Slain 52-year-old world-renowned liSwati human rights defender, Thulani Rudolf
Maseko, will go down in history as a true advocate for peace, human rights and
democracy who died on the road to justice.
Maseko was gunned down by a silent assassin in front of his wife, Tanele, and two little
sons at his parental home in Ka-Luhleko area near Bhunya. The killer shot him three
times through an open sitting room window. He was watching a televised English
Premier League (EPL) game on Saturday evening on 21 January 2023, according to
Sibusiso Nhlabatsi, his protégé and close friend. What appeared to be rather a strange
coincidence, his cold-blooded murder happened a few hours after King Mswati III had
issued a warning of eliminating those he described as ‘demonic elements’.
When dispersing the regiments at Engabezeni Royal Residence after weeding the royal
fields, Mswati warned the ‘demonic elements’ to brace themselves for the worst this
year. Not a kind of leader to mince words, he poured scorn on the sweeping claims of
mercenaries killing people. He dismissed such complaints about the mercenaries killing
people as retaliation. He wanted those killing citizens and burning properties, thus
causing instability, to suffer the consequences. It was abundantly clear to all and sundry
that the ominous threat was directed to the pro-democracy campaigners and some
rogue elements which had hijacked the struggle for democracy.
Since eSwatini was rocked by violence in June 2021, it is in the throes of what is
becoming a guerrilla warfare, waged by an underground armed struggle group called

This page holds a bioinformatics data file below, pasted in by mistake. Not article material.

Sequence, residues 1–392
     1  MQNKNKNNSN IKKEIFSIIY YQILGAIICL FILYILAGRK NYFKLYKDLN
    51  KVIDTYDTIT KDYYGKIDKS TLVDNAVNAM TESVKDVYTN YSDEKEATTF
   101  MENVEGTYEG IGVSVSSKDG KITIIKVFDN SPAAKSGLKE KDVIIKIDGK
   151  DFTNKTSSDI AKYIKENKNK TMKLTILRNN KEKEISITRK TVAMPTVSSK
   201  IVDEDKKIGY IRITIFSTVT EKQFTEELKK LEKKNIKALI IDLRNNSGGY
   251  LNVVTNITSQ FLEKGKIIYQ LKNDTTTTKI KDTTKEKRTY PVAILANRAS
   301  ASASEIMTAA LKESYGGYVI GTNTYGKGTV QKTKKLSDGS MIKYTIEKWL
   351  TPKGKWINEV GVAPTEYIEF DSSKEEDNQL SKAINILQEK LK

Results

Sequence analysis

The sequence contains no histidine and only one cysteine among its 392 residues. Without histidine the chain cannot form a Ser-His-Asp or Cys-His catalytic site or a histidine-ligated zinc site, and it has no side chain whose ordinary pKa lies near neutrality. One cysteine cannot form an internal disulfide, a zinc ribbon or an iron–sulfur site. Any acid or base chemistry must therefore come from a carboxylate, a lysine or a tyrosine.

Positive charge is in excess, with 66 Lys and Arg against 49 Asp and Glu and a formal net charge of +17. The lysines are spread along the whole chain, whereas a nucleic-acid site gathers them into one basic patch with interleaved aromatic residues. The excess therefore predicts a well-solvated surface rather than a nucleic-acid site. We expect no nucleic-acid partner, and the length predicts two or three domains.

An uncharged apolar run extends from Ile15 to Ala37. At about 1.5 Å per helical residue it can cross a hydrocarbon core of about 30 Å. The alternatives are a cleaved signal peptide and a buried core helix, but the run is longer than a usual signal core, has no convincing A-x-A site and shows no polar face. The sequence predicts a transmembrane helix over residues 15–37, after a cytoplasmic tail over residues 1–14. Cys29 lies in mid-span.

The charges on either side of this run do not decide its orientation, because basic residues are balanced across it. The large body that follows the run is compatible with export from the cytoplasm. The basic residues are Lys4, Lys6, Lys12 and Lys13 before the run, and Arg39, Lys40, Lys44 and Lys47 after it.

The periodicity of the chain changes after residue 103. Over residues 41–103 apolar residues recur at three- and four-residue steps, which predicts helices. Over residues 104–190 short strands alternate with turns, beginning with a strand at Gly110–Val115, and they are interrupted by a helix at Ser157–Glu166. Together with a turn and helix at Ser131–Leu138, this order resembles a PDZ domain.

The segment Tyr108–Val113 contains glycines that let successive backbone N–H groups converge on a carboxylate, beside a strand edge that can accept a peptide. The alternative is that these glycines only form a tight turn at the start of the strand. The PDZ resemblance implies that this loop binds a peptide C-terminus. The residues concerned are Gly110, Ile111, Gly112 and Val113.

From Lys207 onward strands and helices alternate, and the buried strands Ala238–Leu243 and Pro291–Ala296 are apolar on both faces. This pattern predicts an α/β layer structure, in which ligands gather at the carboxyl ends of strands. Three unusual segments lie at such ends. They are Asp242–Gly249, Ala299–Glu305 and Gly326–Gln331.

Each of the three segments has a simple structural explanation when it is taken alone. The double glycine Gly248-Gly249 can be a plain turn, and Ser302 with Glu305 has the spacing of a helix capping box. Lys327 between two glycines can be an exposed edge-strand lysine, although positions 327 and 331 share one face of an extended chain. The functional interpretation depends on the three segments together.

the Swaziland International Solidarity Forces (SISF). It claims to be the peoples’ army
on a mission to avenge the citizens killed and maimed by the security forces during the
mayhem which has since developed into a low-key civil war.
A shining light of the mass democratic movement, Maseko, who was the Multi-
Stakeholder Forum chairperson, expended his energy on creating a conducive political
environment for a much anticipated national dialogue, as promised by King Mswati. But
his heinous murder had left emaSwati shell-shocked and has sparked outrage across
the globe. Tributes and condolences have poured in from leaders and organisations like
the United Nations, African Union, European Union, Southern African Development
Community, embassies, civil society groups and religious bodies.
Paralysed by fear and despair, emaSwati are battling to come to grips with the reality
that a man of peace with a charming and disarming smile has passed on in such a
callous and brutal way. This was affirmed by the People’s United Democratic Movement
(PUDEMO) stalwart, Mphandlana Shongwe, who described him as a well-disciplined
cadre who would not raise his voice in anger.
As fate would have it, Maseko paid the ultimate price while he was still on the long road
to justice. In the Africa’s last absolute monarchy beset with human rights violations and
draconian laws, he was a godsend to a majority of emaSwati trapped in poverty,
unemployment and inequality. Inspired by his global social justice doyen, Nelson
Mandela, he used judicial activism to build a just, equal and inclusive society in the 21 st
Coming after the generation of the late fiery PUDEMO youth leader Benedict Didiza
Tsabedze, who formed the Swazland Youth Congress (SWAYOCO), he cut his teeth in
judicial activism at the University of Swaziland (UNISWA), which was a melting pot of
student politics in the 1990s. The bright law student headed the Student Representative
Council (SRC) body at the turbulent times. The iron-fisted Prof. Lydia Makhubu
administration was hell bent on purging the SRC of the burgeoning PUDEMO-aligned
group of students.
Maseko challenged the purge in court which ruled in the SRC’s favour after interpreting
the SRC Constitution and University Statutes. But the university continued to expel
them and set up a tribunal which wanted them to appear before it. His executive was
divided over the tribunal decision, he sought legal advice from attorney Lindifa Mamba.
He advised him to go there and also to re-apply to avoid summary expulsion. From his
UNISWA student days, he preferred the legal route to solve issues.
Fast forward to 1998, Maseko carved a niche for himself as a leading human rights
lawyer in the country. With a small group of like-minded lawyers, he co-founded the
Lawyers for Human Rights Swaziland (LHRS) to deal with the rampant human rights